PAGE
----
This is what happened…
I met him at the candy store.
He turned and smiled at me and I was surprised enough to smile back. This was not a children’s candy store, mind you–this was the kind of place you went to buy expensive imported chocolate truffles for your boss’s wife because you felt guilty for having sex with him when you were both at a conference in Milwaukee.
Hypothetically speaking, of course.
I’ve been hit on plenty of times, mostly by men with little finesse who thought what was between their legs made up for what they lacked between their ears.
Sometimes I went home with them anyway, just because it felt good to want and be wanted, even if it was mostly fake.
The problem with wanting is that it’s like pouring water into a vase full of stones. It fills you up before you know it, leaving no room for anything else. I don’t apologize for who I am or what I’ve done in–or out–of bed.
I have my job, my house and my life, and for a long time I haven’t wanted anything else.
Until Dan. Until now.
Wow. I’m almost speechless. Let me just collect my thoughts and find something constructive to say about this book.
Let’s start with something simple. I loved it. It is beautifully written, intensely thought provoking, extremely classy, even with some scorchingly erotic sex scenes and powerfully emotional.
“You look gorgeous, Elle, and you don’t act like a gorgeous woman does.”
“I don’t? How do I act?”
“You act like an angel. But you fuck like a demon. Don’t you.”
This is a story about irreparable emotional damage and a woman learning to live again when she thought there was no life for her other than one of pain, guilt and loneliness. Her journey of discovery is as ugly as it is beautiful.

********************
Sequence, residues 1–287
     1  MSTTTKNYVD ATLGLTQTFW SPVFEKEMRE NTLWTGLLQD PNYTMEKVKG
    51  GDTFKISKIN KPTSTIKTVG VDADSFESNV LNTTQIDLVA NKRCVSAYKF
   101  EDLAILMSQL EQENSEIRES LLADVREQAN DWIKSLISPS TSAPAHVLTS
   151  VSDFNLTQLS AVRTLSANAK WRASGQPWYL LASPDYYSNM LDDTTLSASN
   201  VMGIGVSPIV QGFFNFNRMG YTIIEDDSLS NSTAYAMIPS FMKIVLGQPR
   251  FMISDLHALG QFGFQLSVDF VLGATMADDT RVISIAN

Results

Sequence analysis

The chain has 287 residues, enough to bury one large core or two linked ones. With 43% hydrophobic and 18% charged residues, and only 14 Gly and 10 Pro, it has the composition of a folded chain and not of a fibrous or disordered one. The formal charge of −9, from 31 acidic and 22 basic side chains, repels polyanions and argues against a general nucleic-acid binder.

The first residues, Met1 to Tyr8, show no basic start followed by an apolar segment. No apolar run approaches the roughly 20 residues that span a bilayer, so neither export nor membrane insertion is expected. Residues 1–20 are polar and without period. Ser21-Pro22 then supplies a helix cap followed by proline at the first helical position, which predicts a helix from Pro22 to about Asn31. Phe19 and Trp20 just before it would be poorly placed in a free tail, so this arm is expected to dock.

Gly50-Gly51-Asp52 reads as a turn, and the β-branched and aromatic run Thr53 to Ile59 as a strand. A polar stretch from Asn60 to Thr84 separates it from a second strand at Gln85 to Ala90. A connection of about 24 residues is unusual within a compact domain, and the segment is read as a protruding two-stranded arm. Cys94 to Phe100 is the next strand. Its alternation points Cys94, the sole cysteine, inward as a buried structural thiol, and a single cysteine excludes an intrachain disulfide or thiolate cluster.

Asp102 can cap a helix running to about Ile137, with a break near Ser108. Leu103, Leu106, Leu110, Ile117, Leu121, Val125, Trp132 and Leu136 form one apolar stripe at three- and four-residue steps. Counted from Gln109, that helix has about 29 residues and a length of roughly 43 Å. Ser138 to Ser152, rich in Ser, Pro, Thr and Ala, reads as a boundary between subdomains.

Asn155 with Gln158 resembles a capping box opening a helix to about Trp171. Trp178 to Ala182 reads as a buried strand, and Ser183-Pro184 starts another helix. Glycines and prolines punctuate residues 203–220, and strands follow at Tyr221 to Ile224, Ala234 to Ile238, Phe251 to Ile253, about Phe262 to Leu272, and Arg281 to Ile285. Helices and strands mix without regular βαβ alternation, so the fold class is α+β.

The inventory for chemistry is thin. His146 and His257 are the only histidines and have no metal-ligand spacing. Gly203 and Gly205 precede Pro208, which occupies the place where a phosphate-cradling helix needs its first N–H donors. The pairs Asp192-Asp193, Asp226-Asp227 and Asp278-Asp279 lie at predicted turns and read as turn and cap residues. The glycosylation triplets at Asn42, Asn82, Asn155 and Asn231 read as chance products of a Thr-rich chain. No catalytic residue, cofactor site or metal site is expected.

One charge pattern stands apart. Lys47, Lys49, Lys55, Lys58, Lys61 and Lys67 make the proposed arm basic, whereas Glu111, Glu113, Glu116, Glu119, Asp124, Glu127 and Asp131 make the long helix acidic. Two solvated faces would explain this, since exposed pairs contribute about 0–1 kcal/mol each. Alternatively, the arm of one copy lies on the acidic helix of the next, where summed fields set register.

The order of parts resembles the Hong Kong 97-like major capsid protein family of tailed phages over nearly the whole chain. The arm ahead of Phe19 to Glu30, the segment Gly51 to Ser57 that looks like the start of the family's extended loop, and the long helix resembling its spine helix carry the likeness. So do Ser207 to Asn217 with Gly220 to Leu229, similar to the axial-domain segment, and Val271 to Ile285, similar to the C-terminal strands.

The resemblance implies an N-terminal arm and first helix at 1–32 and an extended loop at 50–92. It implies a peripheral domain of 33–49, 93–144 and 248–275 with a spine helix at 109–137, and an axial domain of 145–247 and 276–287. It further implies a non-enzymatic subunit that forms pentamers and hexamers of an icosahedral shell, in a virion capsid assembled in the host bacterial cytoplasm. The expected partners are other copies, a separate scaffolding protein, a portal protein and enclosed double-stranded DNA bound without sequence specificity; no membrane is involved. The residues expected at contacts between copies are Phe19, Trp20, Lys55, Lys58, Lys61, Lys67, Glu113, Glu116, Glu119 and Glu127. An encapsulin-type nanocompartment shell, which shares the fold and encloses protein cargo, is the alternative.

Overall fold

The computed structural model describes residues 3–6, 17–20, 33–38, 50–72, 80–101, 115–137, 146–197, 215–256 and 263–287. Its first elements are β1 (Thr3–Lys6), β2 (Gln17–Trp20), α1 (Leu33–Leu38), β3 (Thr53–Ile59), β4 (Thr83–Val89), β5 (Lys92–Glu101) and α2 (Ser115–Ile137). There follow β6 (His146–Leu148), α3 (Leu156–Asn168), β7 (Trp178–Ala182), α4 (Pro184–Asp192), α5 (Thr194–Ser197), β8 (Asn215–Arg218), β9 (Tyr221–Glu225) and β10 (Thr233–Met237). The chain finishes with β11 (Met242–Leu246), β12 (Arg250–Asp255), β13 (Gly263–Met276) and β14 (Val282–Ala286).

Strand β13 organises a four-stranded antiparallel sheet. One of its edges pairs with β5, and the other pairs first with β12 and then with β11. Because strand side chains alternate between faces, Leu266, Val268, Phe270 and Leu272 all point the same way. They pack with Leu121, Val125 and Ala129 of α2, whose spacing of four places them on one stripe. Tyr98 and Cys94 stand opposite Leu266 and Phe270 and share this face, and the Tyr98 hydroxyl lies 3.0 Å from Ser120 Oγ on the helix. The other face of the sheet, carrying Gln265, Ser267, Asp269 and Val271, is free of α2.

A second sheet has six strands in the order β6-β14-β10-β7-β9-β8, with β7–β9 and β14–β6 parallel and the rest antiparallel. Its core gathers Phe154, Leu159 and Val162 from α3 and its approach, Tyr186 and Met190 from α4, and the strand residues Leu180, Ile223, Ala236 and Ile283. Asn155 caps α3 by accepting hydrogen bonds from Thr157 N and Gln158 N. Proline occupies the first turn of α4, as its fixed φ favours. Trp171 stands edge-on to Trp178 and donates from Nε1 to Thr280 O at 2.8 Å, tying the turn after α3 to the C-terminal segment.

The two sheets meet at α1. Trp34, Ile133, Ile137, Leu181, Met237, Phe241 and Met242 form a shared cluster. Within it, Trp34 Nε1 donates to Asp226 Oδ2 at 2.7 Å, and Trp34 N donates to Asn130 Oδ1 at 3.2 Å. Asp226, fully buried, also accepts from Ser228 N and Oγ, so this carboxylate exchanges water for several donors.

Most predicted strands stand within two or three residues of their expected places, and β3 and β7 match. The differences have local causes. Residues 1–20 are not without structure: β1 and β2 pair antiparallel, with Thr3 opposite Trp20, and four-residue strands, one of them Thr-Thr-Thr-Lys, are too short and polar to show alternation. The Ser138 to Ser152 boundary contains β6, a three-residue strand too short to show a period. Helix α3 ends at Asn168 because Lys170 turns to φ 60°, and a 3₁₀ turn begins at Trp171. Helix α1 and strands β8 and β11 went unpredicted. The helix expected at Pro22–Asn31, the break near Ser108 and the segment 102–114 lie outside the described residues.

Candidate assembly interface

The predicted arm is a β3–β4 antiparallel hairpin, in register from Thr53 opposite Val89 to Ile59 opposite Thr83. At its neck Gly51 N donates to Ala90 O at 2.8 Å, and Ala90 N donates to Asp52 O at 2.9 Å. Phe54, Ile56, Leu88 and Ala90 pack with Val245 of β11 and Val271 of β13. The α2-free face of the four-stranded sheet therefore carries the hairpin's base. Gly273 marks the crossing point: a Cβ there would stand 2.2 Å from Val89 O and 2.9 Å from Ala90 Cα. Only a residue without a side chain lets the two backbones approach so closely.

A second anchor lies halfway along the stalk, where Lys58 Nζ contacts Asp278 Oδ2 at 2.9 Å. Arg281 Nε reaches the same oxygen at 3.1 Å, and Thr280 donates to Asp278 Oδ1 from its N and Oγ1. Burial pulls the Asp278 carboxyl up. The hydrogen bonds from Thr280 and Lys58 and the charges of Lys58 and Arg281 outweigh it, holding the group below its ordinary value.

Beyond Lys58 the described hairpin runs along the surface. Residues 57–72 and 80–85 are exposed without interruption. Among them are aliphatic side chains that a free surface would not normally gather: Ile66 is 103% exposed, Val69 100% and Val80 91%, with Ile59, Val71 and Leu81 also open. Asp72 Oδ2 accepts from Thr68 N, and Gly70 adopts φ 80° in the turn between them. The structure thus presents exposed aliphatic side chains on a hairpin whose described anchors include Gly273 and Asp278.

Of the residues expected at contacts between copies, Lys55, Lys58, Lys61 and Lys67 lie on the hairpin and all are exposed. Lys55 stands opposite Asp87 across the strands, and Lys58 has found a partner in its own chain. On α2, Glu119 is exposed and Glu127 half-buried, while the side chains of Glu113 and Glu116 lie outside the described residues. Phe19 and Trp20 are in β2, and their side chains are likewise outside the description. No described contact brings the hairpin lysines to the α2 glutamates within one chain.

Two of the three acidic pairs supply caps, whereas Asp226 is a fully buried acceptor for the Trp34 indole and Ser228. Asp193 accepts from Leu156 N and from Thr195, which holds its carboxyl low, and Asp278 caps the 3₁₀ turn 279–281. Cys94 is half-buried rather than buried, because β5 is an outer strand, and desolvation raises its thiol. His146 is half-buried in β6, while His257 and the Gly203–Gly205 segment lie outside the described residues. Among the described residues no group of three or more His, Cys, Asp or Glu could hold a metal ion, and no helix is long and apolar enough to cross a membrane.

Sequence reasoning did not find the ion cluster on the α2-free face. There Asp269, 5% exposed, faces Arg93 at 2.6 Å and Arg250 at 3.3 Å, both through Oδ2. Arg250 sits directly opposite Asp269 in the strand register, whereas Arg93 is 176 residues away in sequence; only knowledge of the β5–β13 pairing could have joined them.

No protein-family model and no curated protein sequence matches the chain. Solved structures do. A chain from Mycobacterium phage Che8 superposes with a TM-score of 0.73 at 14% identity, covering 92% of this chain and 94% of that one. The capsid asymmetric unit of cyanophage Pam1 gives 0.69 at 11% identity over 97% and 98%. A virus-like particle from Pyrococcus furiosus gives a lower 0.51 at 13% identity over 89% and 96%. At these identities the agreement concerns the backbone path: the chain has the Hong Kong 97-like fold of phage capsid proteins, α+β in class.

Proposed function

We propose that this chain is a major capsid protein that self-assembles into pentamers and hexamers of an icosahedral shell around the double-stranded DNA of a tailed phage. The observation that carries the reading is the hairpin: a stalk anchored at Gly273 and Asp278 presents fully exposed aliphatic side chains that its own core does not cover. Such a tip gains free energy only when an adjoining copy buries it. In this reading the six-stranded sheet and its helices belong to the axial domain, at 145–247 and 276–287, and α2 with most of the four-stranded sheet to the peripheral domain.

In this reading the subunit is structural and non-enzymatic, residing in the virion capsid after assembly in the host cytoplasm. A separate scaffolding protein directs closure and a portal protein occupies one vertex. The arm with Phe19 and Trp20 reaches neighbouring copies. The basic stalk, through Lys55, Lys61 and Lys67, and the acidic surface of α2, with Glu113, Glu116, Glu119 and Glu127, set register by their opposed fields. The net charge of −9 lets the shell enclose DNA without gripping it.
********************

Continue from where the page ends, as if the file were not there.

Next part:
Sometimes grief is a comfort we grant ourselves because it’s less terrifying than trying for joy.
This book has a charm and maturity about it that you don’t often encounter when reading erotic fiction. It’s raw and affecting. It tugged at my heart strings and my tear ducts. There were a number of sub-plots and all were equally as emotive.
Dan was perfect. Completely perfect. He was patient, gentle, kind, persuasive, adoring and gentlemanly. But sensual and sexy to boot.
“You look like a goddess when you come, did you know that?”
“I’m not a goddess.”
“Not a goddess. Not an angel. Not a devil. Are you a ghost? Because you can’t be real.”
I loved the scene with Jack… I’ll say no more. *fans self*
“Do you think he would?”
“I think he’d give his left nut to get in your pants.”
“Very nice,” I told him. “So elegantly put.”
Dan laughed and leaned forward to nuzzle my neck again. “Yes, Elle, I think Jack would love to fuck you.”
The dialogue is fabulous and true. The interactions between characters isn’t choreographed to perfection, as Elle points out, and it makes the book all the more real.
One thing I really liked about this book was that there were no misunderstandings. Elle had trouble talking and opening up to Dan… but there was no instances where he assumed an alternative meaning to her words and stormed out, leaving things unsaid. He gave and took in a perfect balance. He listened and spoke when she needed him to and encouraged her to open up without pushing her too much. I loved that. It didn’t make me scream ‘That would never happen that way’ at my Kindle.
I had no words to give him. No explanation. I didn’t understand it, myself. It scared me, but then so do roller coasters, and I ride them anyway, too.
I think, in conclusion, this is a story of love, heart ache, strength and weakness. It’s elegantly written, poignant and original. A definite must read.
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